BSA is often used a model for other serum albumin proteins, especially human serum albumin, to which it is 76% structurally homologous.[11]

BSA has numerous biochemical applications including ELISAs (Enzyme-Linked Immunosorbent Assay), immunoblots, and immunohistochemistry. Because BSA is a small, stable, moderately non-reactive protein, it is often used as a blocker in immunohistochemistry.[12] During immunohistochemistry, which is the process that uses antibodies to identify antigens in cells, tissue sections are often incubated with BSA blockers to bind nonspecific binding sites.[13][14] This binding of BSA to nonspecific binding sites increases the chance that the antibodies will bind only to the antigens of interest.[15] The BSA blocker improves sensitivity by decreasing background noise as the sites are covered with the moderately non-reactive protein.[16][17] During this process, minimization of nonspecific binding of antibodies is essential in order to acquire the highest signal to noise ratio.[16] BSA is also used as a nutrient in cell and microbial culture. In restriction digests, BSA is used to stabilize some enzymes during the digestion of DNA and to prevent adhesion of the enzyme to reaction tubes, pipette tips, and other vessels.[18] This protein does not affect other enzymes that do not need it for stabilization. BSA is also commonly used to determine the quantity of other proteins, by comparing an unknown quantity of protein to known amounts of BSA (see Bradford protein assay). BSA is used because of its ability to increase signal in assays, its lack of effect in many biochemical reactions, and its low cost, since large quantities of it can be readily purified from bovine blood, a byproduct of the cattle industry. Another use for BSA is that it can be used to temporarily isolate substances that are blocking the activity of the enzyme that is needed, thus impeding polymerase chain reaction (PCR).[19] BSA has been widely used as a template to synthesize nanostructures [20] and determining the toxic or beneficial effects of metal ions and their complexes.[21]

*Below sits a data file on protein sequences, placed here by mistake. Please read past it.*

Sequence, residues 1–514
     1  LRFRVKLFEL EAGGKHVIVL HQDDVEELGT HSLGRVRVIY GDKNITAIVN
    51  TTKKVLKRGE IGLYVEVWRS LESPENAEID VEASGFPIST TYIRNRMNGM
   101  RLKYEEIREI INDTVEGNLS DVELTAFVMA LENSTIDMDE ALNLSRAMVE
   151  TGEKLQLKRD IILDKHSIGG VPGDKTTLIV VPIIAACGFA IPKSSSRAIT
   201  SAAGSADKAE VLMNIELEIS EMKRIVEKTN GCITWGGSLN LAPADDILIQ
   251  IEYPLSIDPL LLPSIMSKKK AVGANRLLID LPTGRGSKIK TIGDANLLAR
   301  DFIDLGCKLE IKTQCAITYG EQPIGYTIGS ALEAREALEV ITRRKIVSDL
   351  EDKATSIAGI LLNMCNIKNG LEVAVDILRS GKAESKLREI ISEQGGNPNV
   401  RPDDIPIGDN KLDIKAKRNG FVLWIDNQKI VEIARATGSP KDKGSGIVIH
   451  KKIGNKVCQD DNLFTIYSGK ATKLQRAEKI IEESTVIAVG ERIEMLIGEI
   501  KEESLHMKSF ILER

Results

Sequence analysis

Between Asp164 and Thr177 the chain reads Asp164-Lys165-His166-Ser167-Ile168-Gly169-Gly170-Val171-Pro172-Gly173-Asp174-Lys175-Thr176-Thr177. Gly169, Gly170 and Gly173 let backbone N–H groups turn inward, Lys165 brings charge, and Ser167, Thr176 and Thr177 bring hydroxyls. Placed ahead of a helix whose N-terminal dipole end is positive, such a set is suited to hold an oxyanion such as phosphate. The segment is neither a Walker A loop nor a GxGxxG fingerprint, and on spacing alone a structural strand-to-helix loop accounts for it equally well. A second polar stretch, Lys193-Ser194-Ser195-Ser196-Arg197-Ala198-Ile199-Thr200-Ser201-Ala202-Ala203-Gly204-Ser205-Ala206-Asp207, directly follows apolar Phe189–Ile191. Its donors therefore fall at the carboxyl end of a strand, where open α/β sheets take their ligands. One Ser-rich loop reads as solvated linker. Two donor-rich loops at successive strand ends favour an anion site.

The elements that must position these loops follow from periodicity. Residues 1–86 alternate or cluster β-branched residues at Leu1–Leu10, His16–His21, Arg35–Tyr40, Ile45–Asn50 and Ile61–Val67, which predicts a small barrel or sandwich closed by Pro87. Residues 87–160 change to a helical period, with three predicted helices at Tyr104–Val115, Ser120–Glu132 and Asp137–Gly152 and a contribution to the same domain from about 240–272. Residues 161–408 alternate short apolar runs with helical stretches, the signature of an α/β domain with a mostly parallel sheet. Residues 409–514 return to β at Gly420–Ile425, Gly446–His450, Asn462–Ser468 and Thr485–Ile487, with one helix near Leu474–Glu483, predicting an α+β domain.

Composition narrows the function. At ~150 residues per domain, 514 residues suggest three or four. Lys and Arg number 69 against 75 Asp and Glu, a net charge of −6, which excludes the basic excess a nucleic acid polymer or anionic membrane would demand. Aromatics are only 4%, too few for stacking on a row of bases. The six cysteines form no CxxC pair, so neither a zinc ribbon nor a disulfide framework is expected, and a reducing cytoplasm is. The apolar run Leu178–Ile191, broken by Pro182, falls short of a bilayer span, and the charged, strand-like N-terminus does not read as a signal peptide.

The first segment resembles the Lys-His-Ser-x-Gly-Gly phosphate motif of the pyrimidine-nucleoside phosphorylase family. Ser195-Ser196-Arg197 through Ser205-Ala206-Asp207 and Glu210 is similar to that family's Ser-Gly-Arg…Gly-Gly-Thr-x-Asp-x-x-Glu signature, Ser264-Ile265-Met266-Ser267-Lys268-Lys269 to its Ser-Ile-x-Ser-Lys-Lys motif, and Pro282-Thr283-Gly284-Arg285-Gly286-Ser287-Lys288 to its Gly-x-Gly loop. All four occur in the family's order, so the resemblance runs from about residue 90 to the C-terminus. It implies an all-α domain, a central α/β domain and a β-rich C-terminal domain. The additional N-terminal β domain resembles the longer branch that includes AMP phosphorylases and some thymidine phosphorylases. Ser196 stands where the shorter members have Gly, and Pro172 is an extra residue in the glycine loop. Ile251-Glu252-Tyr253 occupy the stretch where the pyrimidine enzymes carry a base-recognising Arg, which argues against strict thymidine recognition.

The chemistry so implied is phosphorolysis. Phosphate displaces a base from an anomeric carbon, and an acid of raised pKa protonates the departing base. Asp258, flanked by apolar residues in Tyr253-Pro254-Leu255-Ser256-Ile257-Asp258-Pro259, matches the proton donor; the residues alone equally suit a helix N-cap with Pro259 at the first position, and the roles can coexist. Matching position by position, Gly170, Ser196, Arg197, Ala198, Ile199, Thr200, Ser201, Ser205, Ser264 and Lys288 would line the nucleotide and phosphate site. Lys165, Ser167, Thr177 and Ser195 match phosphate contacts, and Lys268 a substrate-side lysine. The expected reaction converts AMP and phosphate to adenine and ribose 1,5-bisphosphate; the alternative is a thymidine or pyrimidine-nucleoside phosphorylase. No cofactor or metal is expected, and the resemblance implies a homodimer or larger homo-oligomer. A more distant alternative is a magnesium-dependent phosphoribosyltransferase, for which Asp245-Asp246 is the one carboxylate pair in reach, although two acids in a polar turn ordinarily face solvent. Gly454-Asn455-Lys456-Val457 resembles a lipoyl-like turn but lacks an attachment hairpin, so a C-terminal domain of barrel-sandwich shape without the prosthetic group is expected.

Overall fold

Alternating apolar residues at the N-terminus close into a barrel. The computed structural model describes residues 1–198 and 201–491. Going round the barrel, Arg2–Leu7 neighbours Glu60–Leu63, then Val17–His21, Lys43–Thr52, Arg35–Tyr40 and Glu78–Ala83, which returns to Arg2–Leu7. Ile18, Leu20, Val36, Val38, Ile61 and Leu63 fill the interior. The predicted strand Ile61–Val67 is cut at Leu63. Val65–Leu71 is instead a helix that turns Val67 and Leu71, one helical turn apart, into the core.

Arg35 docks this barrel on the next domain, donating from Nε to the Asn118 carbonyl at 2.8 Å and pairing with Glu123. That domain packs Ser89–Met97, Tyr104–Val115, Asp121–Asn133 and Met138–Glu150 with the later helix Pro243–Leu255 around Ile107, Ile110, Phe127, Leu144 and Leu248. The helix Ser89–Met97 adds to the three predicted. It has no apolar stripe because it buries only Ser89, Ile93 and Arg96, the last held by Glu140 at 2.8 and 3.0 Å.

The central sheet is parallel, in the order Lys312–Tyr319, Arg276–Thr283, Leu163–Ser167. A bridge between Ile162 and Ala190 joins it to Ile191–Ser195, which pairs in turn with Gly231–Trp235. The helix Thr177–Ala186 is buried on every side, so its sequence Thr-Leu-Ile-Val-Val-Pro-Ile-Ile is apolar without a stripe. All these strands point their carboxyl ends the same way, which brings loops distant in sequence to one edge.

BSA is also the main constituent of fetal bovine serum, a common cell culture medium.

See also[edit]


  1. ^ a b Majorek KA, Porebski PJ, Dayal A, Zimmerman MD, Jablonska K, Stewart AJ, et al. (October 2012). "Structural and immunologic characterization of bovine, horse, and rabbit serum albumins". Molecular Immunology. 52 (3–4): 174–182. doi:10.1016/j.molimm.2012.05.011. PMC 3401331. PMID 22677715.
  2. ^ Ge S, Kojio K, Takahara A, Kajiyama T (1998). "Bovine serum albumin adsorption onto immobilized organotrichlorosilane surface: influence of the phase separation on protein adsorption patterns". Journal of Biomaterials Science. Polymer Edition. 9 (2): 131–150. doi:10.1163/156856298x00479. PMID 9493841.
  3. ^ Peters T (1975). Putman FW (ed.). The Plasma Proteins. Academic Press. pp. 133–181.
  4. ^ Wright AK, Thompson MR (February 1975). "Hydrodynamic structure of bovine serum albumin determined by transient electric birefringence". Biophysical Journal. 15 (2 Pt 1): 137–141. Bibcode:1975BpJ....15..137W. doi:10.1016/S0006-3495(75)85797-3. PMC 1334600. PMID 1167468.